Dinner is prised out with the aye-aye’s long, bony, witch-like middle finger. This digit is also perfect for scooping out the flesh of coconuts, an aye-aye treat.
Originally classed as a rodent, the aye-aye is actually related to the chimpanzee, ape and, indeed, us. Its thick coat is usually dark brown in colour, and its face a paler grey.
It is also distinguishable by its bushy tail, some 15cm longer than its body. Pointed claws on the aye-aye’s fingers and toes enables it to dangle from branches.
Once upon a time though, the aye-aye did not really want to be seen. Thought to be an omen of bad luck, locals killed them on sight. Today the endangered species is protected by law.
Discover aye-ayes on the island of Madagascar
A happy little chappy, who appears to have a permanent smile on his face, the axolotl is an amphibian you could grow to love.
Originally from Mexico, living in lakes south of Mexico City, the axolotl is also known as the Mexican salamander or Mexican walking fish.
The name derives from the Aztec language, with alt meaning water and xolotl meaning dog. In Aztec mythology, Xolotl was the dog-headed god of all things grim, who would lead the souls of the dead to the underworld.
Fearful that he himself would be killed, he transformed himself into an axolotl to hide.
Commonly around 9 inches in length, the axolotl’s comical branches sticking out either side of its wide head are its gills.
Even as an adult, the axolotl remains aquatic and gilled, unlike other amphibians who undergo metamorphosis, developing lungs and moving to the land.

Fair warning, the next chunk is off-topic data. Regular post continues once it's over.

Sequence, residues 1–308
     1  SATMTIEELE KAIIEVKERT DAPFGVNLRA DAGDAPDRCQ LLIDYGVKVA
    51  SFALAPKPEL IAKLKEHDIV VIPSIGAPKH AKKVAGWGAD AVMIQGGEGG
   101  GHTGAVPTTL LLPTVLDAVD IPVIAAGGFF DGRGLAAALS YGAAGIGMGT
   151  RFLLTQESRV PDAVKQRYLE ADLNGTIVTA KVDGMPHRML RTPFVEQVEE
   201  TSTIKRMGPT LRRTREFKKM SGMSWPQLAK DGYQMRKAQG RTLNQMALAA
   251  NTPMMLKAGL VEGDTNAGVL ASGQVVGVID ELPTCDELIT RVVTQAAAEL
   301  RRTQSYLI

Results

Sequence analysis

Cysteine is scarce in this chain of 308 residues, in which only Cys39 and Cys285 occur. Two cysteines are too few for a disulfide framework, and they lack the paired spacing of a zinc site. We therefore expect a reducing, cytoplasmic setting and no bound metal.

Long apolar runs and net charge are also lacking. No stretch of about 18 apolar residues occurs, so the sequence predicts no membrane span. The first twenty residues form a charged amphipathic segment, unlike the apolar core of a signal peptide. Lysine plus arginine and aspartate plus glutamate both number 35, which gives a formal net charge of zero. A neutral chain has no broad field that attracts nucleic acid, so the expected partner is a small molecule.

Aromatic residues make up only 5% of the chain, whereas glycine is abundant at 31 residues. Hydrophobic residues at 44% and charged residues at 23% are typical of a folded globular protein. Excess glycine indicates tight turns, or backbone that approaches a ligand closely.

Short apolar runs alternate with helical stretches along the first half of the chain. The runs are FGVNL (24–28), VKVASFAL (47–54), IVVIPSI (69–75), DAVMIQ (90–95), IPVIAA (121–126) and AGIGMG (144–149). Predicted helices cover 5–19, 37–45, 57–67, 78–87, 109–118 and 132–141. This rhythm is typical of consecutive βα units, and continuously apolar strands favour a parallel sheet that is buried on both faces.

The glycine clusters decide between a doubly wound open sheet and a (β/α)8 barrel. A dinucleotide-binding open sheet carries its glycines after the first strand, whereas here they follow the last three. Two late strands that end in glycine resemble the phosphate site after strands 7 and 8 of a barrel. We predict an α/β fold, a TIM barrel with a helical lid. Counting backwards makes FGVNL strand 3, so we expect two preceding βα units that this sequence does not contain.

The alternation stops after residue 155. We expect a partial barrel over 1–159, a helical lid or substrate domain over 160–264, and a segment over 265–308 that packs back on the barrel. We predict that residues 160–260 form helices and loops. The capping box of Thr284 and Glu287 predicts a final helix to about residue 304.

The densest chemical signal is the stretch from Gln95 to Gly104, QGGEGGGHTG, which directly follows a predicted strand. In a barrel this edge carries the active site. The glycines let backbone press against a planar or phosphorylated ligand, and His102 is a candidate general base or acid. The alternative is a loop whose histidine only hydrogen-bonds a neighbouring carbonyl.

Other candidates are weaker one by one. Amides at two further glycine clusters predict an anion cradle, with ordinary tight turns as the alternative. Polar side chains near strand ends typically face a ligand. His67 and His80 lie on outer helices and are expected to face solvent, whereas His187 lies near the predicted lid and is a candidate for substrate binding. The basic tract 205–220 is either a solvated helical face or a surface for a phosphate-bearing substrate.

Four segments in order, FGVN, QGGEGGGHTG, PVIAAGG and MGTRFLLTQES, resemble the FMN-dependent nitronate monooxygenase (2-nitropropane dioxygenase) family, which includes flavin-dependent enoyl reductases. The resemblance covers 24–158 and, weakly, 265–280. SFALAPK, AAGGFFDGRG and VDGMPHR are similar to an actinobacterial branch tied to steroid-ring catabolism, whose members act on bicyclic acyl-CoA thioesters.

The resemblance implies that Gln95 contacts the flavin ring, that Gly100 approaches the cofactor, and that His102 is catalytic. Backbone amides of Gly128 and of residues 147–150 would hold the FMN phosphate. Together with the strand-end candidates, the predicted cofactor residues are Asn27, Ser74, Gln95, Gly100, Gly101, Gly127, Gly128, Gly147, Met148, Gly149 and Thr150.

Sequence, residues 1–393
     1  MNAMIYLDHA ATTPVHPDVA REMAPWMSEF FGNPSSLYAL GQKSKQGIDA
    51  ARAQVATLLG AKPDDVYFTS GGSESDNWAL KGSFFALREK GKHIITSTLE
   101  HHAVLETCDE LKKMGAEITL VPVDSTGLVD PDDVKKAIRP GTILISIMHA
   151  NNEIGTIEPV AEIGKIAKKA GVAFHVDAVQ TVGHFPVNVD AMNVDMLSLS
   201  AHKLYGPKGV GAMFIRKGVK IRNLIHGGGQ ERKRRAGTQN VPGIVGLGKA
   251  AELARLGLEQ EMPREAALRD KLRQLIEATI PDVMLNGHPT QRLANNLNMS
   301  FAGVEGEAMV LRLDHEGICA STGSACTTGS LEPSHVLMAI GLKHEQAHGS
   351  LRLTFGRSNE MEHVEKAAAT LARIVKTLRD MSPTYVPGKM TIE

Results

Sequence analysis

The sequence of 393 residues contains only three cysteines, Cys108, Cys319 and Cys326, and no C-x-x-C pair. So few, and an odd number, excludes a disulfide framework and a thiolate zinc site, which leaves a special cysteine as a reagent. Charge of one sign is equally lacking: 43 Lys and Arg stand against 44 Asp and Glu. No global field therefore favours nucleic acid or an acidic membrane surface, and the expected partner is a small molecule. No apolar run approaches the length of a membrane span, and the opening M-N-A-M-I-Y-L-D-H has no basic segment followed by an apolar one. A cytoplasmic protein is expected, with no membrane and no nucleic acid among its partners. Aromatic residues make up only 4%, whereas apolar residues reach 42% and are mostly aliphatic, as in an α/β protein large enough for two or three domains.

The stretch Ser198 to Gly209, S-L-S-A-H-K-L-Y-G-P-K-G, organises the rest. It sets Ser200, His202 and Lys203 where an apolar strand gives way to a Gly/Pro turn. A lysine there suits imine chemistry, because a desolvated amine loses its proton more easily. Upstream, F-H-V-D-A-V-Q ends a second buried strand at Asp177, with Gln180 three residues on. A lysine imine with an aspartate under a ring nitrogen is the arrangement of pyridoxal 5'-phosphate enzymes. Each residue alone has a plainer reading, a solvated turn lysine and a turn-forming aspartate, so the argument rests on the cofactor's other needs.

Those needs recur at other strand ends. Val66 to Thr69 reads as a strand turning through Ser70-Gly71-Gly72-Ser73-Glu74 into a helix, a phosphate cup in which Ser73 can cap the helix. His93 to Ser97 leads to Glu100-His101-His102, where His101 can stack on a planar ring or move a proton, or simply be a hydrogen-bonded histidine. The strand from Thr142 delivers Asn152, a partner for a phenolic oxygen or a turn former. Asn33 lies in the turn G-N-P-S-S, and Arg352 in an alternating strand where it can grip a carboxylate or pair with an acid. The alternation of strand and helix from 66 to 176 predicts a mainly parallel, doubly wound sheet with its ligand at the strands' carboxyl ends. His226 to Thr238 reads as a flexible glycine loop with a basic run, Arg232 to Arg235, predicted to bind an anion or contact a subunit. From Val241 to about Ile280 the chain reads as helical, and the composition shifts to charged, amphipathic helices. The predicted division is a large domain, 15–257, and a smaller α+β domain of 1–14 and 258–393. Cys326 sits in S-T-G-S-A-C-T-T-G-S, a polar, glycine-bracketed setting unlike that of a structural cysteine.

It is however, able to regenerate. Not that unusual for amphibians, but the axolotl can not only rebuild limbs, it also has the capacity to reconstruct its jaw, spine and even its brain without any scarring – what would Newt Scamander have to say about that?!
The colour of an axolotl varies. In the wild, they are mainly a tan brown with gold speckles. However, breeding has resulted in them also being pale pink with black eyes and golden with gold eyes.
Carnivorous, it eats insects, worms and small fish. Axolotls locate food by smell and won’t hang around if they sniff something tasty – one snap and a meal will be sucked into their stomachs like a vacuum.
Discover Axolotls for yourself on a holiday to Mexico
You’ll find Norwegian Ridgeback dragons, Romanian Longhorn dragons and Ukrainian Ironbelly dragons in Fantastic Beasts and Where to Find Them, but alas no thorn dragons.
These spiky creatures prefer the desert and scrubland of central Australia, and are native to the country.
Known by a variety of other names - the thorny devil, mountain devil, thorny lizard and moloch – it has an intimidating array of spikes covering its entire upper side of its body.
With so many jagged edges, it puts off predators who prefer a meal to slip down a bit more easily. And if that doesn’t put off the hungry, the thorny dragon also has the ability to camouflage itself, or simply freeze on the spot.
It has another trick up its sleeve too, or rather on the back of its neck – a false head. If a predator is on the loose, the thorny dragon will dip its real head down to confuse its would-be attacker.
As for food for itself, the thorny dragon’s diet consists mainly of ants, lots of them. Over the course of a day, it will gobble down ants in their thousands. It drinks water that has collected between it ridged scales, which is transmitted to its mouth through its skin.
Find some thorny dragon for yourself on a holiday to Australia